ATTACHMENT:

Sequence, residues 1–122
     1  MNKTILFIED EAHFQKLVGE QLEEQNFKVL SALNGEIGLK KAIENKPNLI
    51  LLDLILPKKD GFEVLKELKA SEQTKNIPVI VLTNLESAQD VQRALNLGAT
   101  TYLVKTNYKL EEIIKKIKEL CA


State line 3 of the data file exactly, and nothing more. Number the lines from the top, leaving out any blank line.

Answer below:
    51  LLDLILPKKD GFEVLKELKA SEQTKNIPVI VLTNLESAQD VQRALNLGAT